Experts Share Their Advice On How To Avoid Executive Burnout
At Step 1 Recovery, it has become apparent that highly successful and motivated professionals aren’t vulnerable to developing dysfunctional patterns of behaviour in order to cope with the pressures of their roles.
The modern workplace can make it difficult to avoid executive burnout. The rise in social media influencers preaching about the importance of following your passion does not lessen the impact of work upon our physical and mental health. In fact, becoming engrossed in work is one of the classic warning signs of burnout, and setting boundaries is helpful in reclaiming enthusiasm.
A number of prestigious publications, including the Harvard Business Review, have drawn attention to workplace stress levels, showing how high achievers often struggle to find an ideal work-life balance. Avoiding burnout is becoming a primary concern in many industries, as organisations face new pressures to offer agile working arrangements and improved benefits packages.
What is workplace burnout?
Burnout is a state of mental, physical and emotional exhaustion caused by excessive exposure to stress and undue pressure. Work contributes to burnout by encouraging long hours and creating a sense of responsibility that takes advantage of our insecurities about being unemployed. In this regard, jobs can feel overwhelming, placing people in a difficult situation of relying on overachievement to survive.
It can sometimes be difficult for colleagues to spot the signs of executive burnout. Increased irritability and short-temperedness can occur, but the worst symptoms of burnout often happen behind closed doors, witnessed by family and friends who must deal with the aftermath of another exhausting day.
If you are feeling tired, pessimistic and demotivated at work, burnout may be a realistic cause of your struggle. Seek professional guidance and rediscover your passion for achievement with structured boundaries in place.
How to avoid executive burnout
To prevent burnout, you must first analyse your workload and responsibilities. Effective delegation can help relieve the burden, so it is important to spend time each day asking whether specific tasks actually match your job requirements. If they do not, engage a colleague who will offer support.
A qualified executive coach will teach you about spending periods of time away from your desk or outside the office entirely, redressing the balance between work and recreation. Those lessons can be vitally important, helping you find new energy and a fresh perspective with which to attack the day.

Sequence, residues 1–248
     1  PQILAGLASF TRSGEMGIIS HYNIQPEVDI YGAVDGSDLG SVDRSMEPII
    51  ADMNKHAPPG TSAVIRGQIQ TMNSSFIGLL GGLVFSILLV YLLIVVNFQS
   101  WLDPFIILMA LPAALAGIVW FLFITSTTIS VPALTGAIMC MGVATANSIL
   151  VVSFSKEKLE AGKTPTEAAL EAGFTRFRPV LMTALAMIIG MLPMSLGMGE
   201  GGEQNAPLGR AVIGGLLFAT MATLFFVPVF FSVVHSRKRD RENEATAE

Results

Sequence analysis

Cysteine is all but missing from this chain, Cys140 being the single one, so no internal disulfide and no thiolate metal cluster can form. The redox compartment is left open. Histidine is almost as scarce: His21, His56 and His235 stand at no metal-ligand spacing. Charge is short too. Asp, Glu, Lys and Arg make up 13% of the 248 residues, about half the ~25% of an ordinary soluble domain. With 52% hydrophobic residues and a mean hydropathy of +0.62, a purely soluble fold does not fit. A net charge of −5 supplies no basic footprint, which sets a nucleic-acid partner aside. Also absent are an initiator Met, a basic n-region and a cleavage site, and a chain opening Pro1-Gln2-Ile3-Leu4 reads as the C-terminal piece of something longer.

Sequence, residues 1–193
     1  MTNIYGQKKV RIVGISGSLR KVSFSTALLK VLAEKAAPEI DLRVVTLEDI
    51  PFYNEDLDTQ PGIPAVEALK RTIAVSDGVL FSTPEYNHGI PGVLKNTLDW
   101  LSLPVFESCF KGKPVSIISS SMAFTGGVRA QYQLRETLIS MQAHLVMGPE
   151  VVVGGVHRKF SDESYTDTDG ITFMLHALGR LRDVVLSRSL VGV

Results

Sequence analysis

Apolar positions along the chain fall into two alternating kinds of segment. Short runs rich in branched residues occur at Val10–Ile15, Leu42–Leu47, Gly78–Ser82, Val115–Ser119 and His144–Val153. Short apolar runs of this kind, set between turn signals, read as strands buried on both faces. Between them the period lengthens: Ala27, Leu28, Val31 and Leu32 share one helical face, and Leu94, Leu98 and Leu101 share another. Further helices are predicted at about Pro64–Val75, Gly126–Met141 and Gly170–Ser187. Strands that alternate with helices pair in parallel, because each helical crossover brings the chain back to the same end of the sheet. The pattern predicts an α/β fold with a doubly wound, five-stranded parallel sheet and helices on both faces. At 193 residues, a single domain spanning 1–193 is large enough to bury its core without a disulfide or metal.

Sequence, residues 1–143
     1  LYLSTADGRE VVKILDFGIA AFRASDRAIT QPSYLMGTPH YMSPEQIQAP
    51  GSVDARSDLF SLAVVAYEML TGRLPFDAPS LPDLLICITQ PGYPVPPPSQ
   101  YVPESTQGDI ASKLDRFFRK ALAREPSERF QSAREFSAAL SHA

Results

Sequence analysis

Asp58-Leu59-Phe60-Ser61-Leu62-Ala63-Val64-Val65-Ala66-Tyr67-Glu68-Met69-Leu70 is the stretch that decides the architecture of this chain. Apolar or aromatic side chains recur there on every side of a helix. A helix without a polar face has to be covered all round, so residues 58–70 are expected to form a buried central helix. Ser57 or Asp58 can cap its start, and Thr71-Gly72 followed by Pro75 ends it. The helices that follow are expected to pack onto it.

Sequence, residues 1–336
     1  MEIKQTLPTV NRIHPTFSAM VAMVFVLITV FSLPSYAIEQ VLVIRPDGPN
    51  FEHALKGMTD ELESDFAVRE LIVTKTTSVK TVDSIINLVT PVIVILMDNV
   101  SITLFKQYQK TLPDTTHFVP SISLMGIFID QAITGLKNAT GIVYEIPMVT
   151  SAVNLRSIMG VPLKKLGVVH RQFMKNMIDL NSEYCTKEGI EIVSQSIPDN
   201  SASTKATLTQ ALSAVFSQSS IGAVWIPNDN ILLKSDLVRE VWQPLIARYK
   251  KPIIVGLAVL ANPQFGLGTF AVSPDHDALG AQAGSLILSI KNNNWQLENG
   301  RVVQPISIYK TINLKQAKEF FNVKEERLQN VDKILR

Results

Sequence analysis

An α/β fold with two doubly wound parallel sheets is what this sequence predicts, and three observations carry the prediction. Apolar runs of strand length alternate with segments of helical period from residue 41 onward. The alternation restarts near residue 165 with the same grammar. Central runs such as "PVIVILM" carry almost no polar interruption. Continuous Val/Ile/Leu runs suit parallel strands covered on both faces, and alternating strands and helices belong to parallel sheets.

Alternatively, many people turn to stress rehab to treat their chronic experiences of burnout. Though often overlooked, this is a focused form of rehabilitation that will teach you to prioritise and compartmentalise your responsibilities, streamlining your approach.
We have gauged the opinion of a couple of industry experts, to ask them what their advice would be on how they would advise someone who fears they may suffer from burnout…
Dr Andrew D Wilson is an ecological psychologist who also has a popular blog about theories of psychology. He suffered from work burnout himself and gives some actionable advice…
“My burnout is best understood as a ‘moral injury’, a framing suggested by Simon Talbot & Wendy Dean. My values (about how I think I can best teach and support my students) ran headlong into a system (embodied by management) that didn’t share those values, and I lost the argument. It took a couple of months, though, and so the stress of the clash had time to settle in and create a genuine injury.
What I did to recover is I took time; as much time as I could. I took 3 weeks off when I tipped from stressed to burned-out, and I used the rest of my leave over the summer for a 6 week break in which I actively ignored work and focused on myself and my family. I was very lucky to have the ability to take this much time, but I needed it. I turned off my email, and for the first week or so, I did nothing. I slept, I watched TV, and I practiced not thinking about work. This got me from exhausted to just tired, which helped immensely. I also knew, though, that doing nothing wasn’t enough and that I needed to actively replace the stressors with other things. So once I had slept a bunch, I played more with my kids, tidied my home, read a book, and walked outside every chance I got (thanks, Pokemon Go and Roundhay Park!)
That first three weeks reset me enough to cope with the rest of the semester, just. The summer break gave me the time and space to actually heal, which I wasn’t sure would ever happen. So while I definitely still carry a scar, time spent doing good things that weren’t my stressors allowed me to get back to a place where I feel I can do my work again.”
Additionally, we spoke to Fraser Smith who is a psychological therapist and international speaker for the British Psychological Society…
Where can I find help for burnout?
Here at Step One Recovery, we offer a tailored stress rehab package that helps patients identify triggers and manage subsequently associated behaviours. Stress is a very changeable condition, driven by environments and expectations that are unique to each individual. Therefore, we take time to understand your career trajectory, placing burnout in its correct context. This makes our treatment plans more accurate and, ultimately, more successful.
If you are struggling with workplace stress, burnout or other mental health complications, contact our qualified team for more information on how you can access help. Sometimes, in the daily grind of contemporary life, we forget to take care of ourselves. We are here to give you that respite and provide the tools for professional revitalisation.